23 August 2017

Researchers investigate the lighter side of Earth’s inner core

Posted by Lauren Lipuma

By Patricia Waldron

Scientists can generally agree that Earth’s inner core, located more than 5,000 kilometers (3,000 miles) beneath the surface, is a dense ball of iron with a small amount of nickel. It likely contains lighter elements as well, such as silicon, oxygen, sulfur, carbon, or hydrogen, but researchers have yet to come to a consensus on the identities and quantities of these lighter elements.   

Researchers report in a new study that a carbon compound called iron carbide, combined with small amounts of silicon impurities, may be an important component of the inner core. The researchers performed computer simulations to model how an iron and nickel core containing either iron carbide, or iron carbide with some silicon, compares to the density and other known characteristics of the inner core. Adding silicon to the simulation gave the best alignment with Earth’s actual characteristics. The researchers report their findings in a new study in Geophysical Research Letters, a journal of the American Geophysical Union.

“We are trying to simulate the conditions deep inside Earth, to understand the evolution and composition of the core,” said Sujoy Ghosh, a researcher at the Indian Institute of Technology in Kharagpur, India and co-author of the new study. “Because carbon is abundant and can dissolve in iron, we suggest that carbon is a probable light element in the core. The mantle surrounding the core is rich in silicon and, under the local temperature and pressure conditions, some of that silicon could become incorporated into the core. Silicon and carbon atoms have the same charge, so silicon could easily substitute for carbon in iron carbide.”

Internal structure of Earth showing the liquid outer core and solid inner core. Silicon-doped iron carbide, shown at the right-hand side of the diagram, can be a possible carbide phase for the inner core, coexisting with iron. The silicon atoms are blue, the carbon is brown, and the iron is represented by gold circles.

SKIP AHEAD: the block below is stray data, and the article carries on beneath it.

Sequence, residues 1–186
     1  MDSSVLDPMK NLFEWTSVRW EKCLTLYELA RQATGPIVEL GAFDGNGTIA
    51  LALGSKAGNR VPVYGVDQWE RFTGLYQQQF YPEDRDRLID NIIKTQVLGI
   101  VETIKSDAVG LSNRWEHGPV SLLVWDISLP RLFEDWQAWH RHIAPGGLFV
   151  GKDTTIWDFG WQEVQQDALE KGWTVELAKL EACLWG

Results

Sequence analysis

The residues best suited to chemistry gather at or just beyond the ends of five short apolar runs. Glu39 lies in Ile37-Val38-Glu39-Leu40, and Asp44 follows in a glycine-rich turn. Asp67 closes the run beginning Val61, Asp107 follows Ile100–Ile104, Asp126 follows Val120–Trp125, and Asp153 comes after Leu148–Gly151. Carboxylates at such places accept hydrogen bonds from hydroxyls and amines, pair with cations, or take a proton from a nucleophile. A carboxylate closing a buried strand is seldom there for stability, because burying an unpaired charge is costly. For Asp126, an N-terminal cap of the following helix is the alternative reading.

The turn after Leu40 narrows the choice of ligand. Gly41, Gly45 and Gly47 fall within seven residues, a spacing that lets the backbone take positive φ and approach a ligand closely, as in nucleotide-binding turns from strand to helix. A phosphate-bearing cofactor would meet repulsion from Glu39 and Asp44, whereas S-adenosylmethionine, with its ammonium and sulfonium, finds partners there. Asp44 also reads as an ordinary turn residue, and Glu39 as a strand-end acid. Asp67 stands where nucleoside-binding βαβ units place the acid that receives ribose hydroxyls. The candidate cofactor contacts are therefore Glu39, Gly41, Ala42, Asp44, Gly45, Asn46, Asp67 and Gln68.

Credit: Sujoy Ghosh.

Researchers initially put forth a form of iron carbide called cementite, which has three molecules of iron for every one molecule of carbon, as a potential component of the inner core in the mid-1990s. Computer simulations later ruled out the idea because that form is too stiff at high pressures. More recently, researchers have suggested that iron carbide with seven iron atoms for every three carbon atoms is a better candidate. Iron carbide with this composition has two possible arrangements, a square-shaped orthorhombic phase and a hexagonal phase, and scientists disagree about which form occurs in the inner core.   

Ghosh partnered with Swastika Chatterjee, a physicist colleague at the Indian Institute of Technology Kharagpur, to perform computer simulations of how the two phases of iron carbide, with and without silicon impurities, would behave inside Earth’s inner core under appropriately high pressure and temperature conditions.  Previously, no one had explored the possibility of silicon and carbon joining within the same compound to make up the lighter portion of the core..

The researchers compared their results to the Preliminary Reference Earth Model, which represents average Earth properties, including density and the way sound waves generated by earthquakes, called seismic waves, propagate through the core. Much of what we know about Earth’s core comes from studies measuring how seismic waves pass through the layers of the planet. The researchers observed that when they “doped” the iron carbide by replacing a small percentage of the carbon atoms with silicon, the resulting core material had greater agreement with Earth’s properties at inner core conditions. They also noticed that the silicon-doped orthorhombic phase produced better agreement than the hexagonal phase of iron carbide.

If the researchers are correct, then Earth’s core is a sizable reservoir of carbon and silicon within the planet, as proposed previously by several researchers. Ghosh is already exploring these results further in the lab, in collaboration with colleagues at Tohoku University and Indian Institute of Science Education and Research-Kolkata. He has combined silicon, iron, and carbon inside an apparatus called a DIA-type multi-anvil apparatus, which can generate extreme pressures. Very soon, however, he hopes to perform this type of experiment at his home institution. Ghosh has already ordered one high-pressure instrument, an end-loaded piston cylinder apparatus, and hopes to acquire a second, a multi-anvil apparatus, soon to complete his lab set up.

“In the Earth sciences community in India, we don’t have high-pressure facilities,” Ghosh said. “This is a huge task, but if I can build a high-pressure lab here, then this would be a big contribution for my country.”

— Patricia Waldron is a freelance writer. This post originally appeared as a feature story on the Deep Carbon Observatory website.